On September 22, Thursday, health workers and those working in associated sectors in France organized mobilizations and protests as part of a national day of action in different cities across the country. The protesters demanded increased salaries, more staff, improved and safe working conditions, job security, and sufficient funds and other resources for hospitals. The call for the mobilization was given by several groups in health sector, including the Association des Médecins Urgentistes de France (AMUF), CGT Santé Action Sociale, the CFE CGC Santé-Social, Printemps de la psychiatrie and Collectif Inter-Urgences. Mobilizations took place in the cities of Paris, Marseille, Nancy, Tours, Poitiers, Angers, Lille, and Nantes, among others. The French Communist Party (PCF) and La France Insoumise (LFI) extended support and solidarity to the protesting workers.
As Filipino government officials participate in events across New York City over the course of the UN General Assembly, US-based Filipino activists have been determined to raise awareness about dictatorship in the Philippines. Actions have been organized in New York City by organizations such as Anakbayan, the youth wing of larger US-based progressive Filipino organization Bayan, Kabataan Alliance Northeast, an alliance of Filipino youth and student organizations, and the International League of People’s Struggle (ILPS). On September 19, over 70 activists attended a protest and rally at the Dag Hammarskjöld Plaza at the UN Headquarters, as the United Nations Transforming Education Summit convened.
Racine, Wisconsin - Back in July, I took a weekend trip to Burlington, Iowa, to visit manufacturing workers at Case New Holland (CNH Industrial), who, along with their coworkers at another plant in Racine, Wisconsin, have been on strike since May 2. When I arrived, the early shift of picketers stood jovially together under the hot morning sun. Even at 10AM, the temperature was already a blistering 86 degrees, with humidity high enough that it made your clothes damp to the touch. The picketers didn’t seem to mind as they made their way slowly past the entrance to the Case New Holland plant, holding up a line of empty vans that had dropped off a shift of scab workers earlier. Workers wore “UAW 807 Solidarity” t-shirts and cracked jokes to one another as the hired security looked on from the other side of the fence, cameras at the ready.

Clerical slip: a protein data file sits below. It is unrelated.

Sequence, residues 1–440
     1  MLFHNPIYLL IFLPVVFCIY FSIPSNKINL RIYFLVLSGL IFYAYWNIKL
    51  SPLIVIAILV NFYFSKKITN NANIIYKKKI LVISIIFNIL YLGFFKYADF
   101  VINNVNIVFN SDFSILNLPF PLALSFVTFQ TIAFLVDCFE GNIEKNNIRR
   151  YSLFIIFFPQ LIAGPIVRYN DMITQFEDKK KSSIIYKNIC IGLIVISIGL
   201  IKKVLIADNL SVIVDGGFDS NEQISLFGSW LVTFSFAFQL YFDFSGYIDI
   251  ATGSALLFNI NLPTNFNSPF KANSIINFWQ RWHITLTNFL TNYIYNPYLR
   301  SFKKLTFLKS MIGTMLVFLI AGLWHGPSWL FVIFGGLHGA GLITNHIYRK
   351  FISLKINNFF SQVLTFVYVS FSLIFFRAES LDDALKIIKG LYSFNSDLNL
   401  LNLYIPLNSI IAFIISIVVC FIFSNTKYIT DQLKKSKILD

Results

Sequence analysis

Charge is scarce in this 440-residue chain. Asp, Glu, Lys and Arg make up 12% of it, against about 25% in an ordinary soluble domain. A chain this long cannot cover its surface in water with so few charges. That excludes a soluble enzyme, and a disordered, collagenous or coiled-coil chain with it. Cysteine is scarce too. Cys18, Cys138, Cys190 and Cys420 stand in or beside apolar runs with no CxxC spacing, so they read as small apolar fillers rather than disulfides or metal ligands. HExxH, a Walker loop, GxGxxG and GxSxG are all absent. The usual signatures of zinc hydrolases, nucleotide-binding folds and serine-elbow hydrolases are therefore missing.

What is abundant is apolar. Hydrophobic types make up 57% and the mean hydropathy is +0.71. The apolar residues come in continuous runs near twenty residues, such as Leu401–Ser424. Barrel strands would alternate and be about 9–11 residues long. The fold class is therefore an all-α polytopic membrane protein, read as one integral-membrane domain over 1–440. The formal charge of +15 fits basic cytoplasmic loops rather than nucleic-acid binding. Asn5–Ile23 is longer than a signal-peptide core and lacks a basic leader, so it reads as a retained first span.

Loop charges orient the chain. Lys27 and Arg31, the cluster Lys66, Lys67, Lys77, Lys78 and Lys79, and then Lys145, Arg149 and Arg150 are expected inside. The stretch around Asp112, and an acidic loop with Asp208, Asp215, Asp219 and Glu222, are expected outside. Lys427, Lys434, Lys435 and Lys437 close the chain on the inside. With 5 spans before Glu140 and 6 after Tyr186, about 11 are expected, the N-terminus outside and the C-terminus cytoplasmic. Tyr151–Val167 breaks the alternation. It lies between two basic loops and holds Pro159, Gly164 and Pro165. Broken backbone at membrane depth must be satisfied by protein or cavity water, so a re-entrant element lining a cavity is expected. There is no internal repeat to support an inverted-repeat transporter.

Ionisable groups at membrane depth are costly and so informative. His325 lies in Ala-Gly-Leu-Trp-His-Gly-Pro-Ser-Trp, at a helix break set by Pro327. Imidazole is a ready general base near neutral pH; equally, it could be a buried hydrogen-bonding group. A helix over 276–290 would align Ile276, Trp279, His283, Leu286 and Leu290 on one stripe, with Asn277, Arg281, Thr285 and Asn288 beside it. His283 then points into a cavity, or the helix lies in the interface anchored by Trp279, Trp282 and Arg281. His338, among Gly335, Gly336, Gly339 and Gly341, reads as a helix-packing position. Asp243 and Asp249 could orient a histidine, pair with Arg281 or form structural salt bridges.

On Sunday President Biden warned Russian President Valdamir Putin "Dont. Don't. Don't." use nuclear weapons in retaliation for severe battlefield losses in Ukraine. While Putin dismissed Biden's worries as unfounded, the specter of nuclear Armageddon drove US anti-war activists to the streets days before in a September Week of Action organized by the Peace in Ukraine Coalition. Demanding a "Ceasefire now!" activists hosted anti-war events in DC, San Francisco, Philadelphia, Baltimore, Milwaukee, Madison, Boston, Rockville, Santa Cruz, San Mateo, San Pedro, Santa Barbara and Los Angeles. The Peace in Ukraine Coalition—CODEPINK, Veterans for Peace, Democratic Socialists of America, Massachusetts Peace Action, Women's International League for Peace and Freedom-US and other organizations—mobilized for negotiations, not escalation in what CODEPINK describes as a proxy war threatening a direct war between the two most heavily armed nuclear nations, the United States and Russia.
Unionized workers at the Philadelphia Museum of Art began a one-day "unfair practices" strike Friday morning amid ongoing negotiations with museum leadership on their first collective bargaining agreement. The decision comes less than three weeks after AFSCME Local 397 members voted overwhelmingly to authorize a strike and filed eight unfair labor practice charges with the National Labor Relations Board, claiming that museum management engaged in union-busting practices during contract negotiations.
The ruling oligarchs are terrified that, for tens of millions of people, the economic dislocation caused by inflation, stagnant wages, austerity, the pandemic and the energy crisis is becoming unendurable. They warn, as Kristalina Georgieva, Managing Director of the International Monetary Fund (IMF), and NATO Secretary GeneraJens Stoltenberg, have done, about the potential for social unrest, especially as we head towards winter. Social unrest is a code word for strikes — the one weapon workers possess that can cripple and destroy the billionaire class’s economic and political power. Strikes are what the global oligarchs fear most. Through the courts and police intervention, they will seek to prevent workers from shutting down the economy. This looming battle is crucial. If we begin to chip away at corporate power through strikes, most of which will probably be wildcat strikes that defy union leadership and anti-union laws, we can begin to regain agency over our lives.
The protests began on July 1 after the government showed no interest in addressing the issue or meeting with activists for negotiations to solve the crisis. The last two weeks were marked by massive mobilizations against the high cost of living and an escalating economic crisis in Panama. Movements with the People United for Life Alliance have presented a list of 32 demands to the government to address the crisis but the government has refused to take serious action. The protests have seen broad participation from people across Panamanian society such as workers, fisherfolk, Indigenous communities, students, educators, and civilians.